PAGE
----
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William M. Lawrence was a prominent physician in Batesville (Independence County) from 1848 until his death. He was appointed the surgeon general of the state of Arkansas in 1881.
William Lawrence was born on November 22, 1826, in Kentucky, the son of James McKinney Lawrence and his first wife, Lucy D. Martin Lawrence, who was from Missouri. He had two brothers (one of them a son to his father’s second wife, Margaret Ann Vaunter Lawrence) and three sisters. Lawrence moved with his family to Fulton, Missouri, when he was a young child.
About 1843, he began “reading medicine” under Dr. Robert Blakely in Fulton. He attended medical school at the University of Missouri–St. Louis, studying under Dr. Joseph McDowell. Following graduation in 1847, Lawrence traveled to Batesville and started his own practice. His family stayed in Callaway County, Missouri, and lived in Missouri the rest of their lives.
In 1848, Lawrence married Sophia Ann Hynson, daughter of Henry Ringgold Hynson and Eliza Ann Magness Hynson, a prominent family in Batesville. Their first child, Laclede Magness Lawrence, was born in 1852. Their second, William B. Lawrence, was born in 1854. (William B. Lawrence followed in his father’s footsteps and became a prominent Batesville physician, affectionately known as “Dr. Billy,” receiving his MD from the Jefferson Medical College of Thomas Jefferson University in Philadelphia, Pennsylvania, in 1877.)
In 1855, Lawrence and his family took up residence in the historic Ringgold-Noland-Lawrence home located on lower Main Street in downtown Batesville. This had previously been the home of Sophia’s uncle, Colonel John Ringgold, and his wife, Elizabeth Spriggs Ringgold. Sophia’s sister, Mariah Louisa Hynson, married Colonel James Rutherford (Civil War hero of the Battle of Shiloh and later a state senator) in the home in December 1862.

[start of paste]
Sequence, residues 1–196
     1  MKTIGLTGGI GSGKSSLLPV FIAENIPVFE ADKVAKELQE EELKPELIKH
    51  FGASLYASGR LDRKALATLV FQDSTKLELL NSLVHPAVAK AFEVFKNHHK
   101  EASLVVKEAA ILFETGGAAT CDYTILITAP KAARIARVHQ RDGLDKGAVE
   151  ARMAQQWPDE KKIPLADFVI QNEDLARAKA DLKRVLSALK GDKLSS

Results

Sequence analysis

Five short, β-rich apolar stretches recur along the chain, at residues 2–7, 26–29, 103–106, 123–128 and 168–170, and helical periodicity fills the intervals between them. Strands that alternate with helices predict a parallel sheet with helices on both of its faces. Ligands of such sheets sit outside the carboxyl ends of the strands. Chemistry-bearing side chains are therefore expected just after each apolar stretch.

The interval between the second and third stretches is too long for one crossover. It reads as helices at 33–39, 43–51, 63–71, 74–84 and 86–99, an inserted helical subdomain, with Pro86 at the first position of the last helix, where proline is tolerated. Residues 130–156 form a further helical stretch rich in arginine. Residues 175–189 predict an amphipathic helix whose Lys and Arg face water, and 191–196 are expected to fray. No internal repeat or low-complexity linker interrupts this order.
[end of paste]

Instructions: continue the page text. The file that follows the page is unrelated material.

In 1858, Independence County pioneer Robert Boyd Engles and his two brothers acquired a steamboat and named it the William M. Lawrence, one of the few steamboats built in Batesville. It is possible that Engles had known Lawrence when both studied medicine in Missouri. Engles served as pilot when the Lawrence made its maiden voyage, delivering furniture for the new Independence County Courthouse. After two years, the Engles brothers sold the Lawrence, and it was burned by Federal troops in Little Rock (Pulaski County) in 1863.
Lawrence rendered medical services both as a physician and as a surgeon for the Confederacy during the Civil War, serving with the First Regiment, Arkansas Mounted Rifles. The regiment was organized in Fort Smith (Sebastian County) in May 1861. Lawrence enlisted from Independence County. The unit fought at the Battles of Wilson’s Creek in Missouri and Pea Ridge in Arkansas. He participated in Bragg’s Kentucky campaign under General Thomas James Churchill, who later became governor of Arkansas. Lawrence was one of three members of the Trans-Mississippi Examining Board of the Confederate service. He was mustered out in the spring of 1865 and returned to his family and medical practice in Batesville.
In 1868, during the Reconstruction period, Lawrence was offered the Chair of Physiology in the St. Louis medical school by his former professor Dr. McDowell, but he opted to stay in Batesville. When the Independence County Medical Society was organized, Lawrence became its president in 1881.
Lawrence’s former Civil War commander, Thomas James Churchill, was elected governor and placed great emphasis on health and education during his administration. Under his guidance, legislation was passed setting standards for practicing medicine, and he was instrumental in establishing the Medical Department of Arkansas Industrial University (now the University of Arkansas for Medical Science—UAMS) in Little Rock. Governor Churchill appointed Lawrence surgeon general of Arkansas in 1881. Lawrence was also elected to fill the Anatomical Chair of the Medical Department at the University of Arkansas. Lawrence continued to be a respected physician and surgeon in Batesville until his death.
Lawrence died at his home in Batesville on July 13, 1892, of “stomach and heart trouble” and is buried beside his wife and family in Oaklawn Cemetery in Batesville.
For additional information:
Butler, W. Lawrence. “Batesville’s First X-Ray” Independence County Chronicle 5 (April 1964): 48–51.
Encyclopedia of the New West. Marshall, TX: United States Biographical Publishing Company, 1881.
Hinkle, C. G. “Pioneer Physicians of Batesville.” Independence County Chronicle 1 (July 1960): 44–49.
Huddleston, Duane, Sammie Cantrell Rose, and Pat Wood. Steamboats and Ferries on the White River: A Heritage Revisited. Fayetteville: University of Arkansas Press, 1998.
McGinnis, A. C. “A History of Independence County, Ark.” Special issue. Independence County Chronicle 17 (April 1976).
Van Buren, Arkansas
Last Updated 11/9/2017
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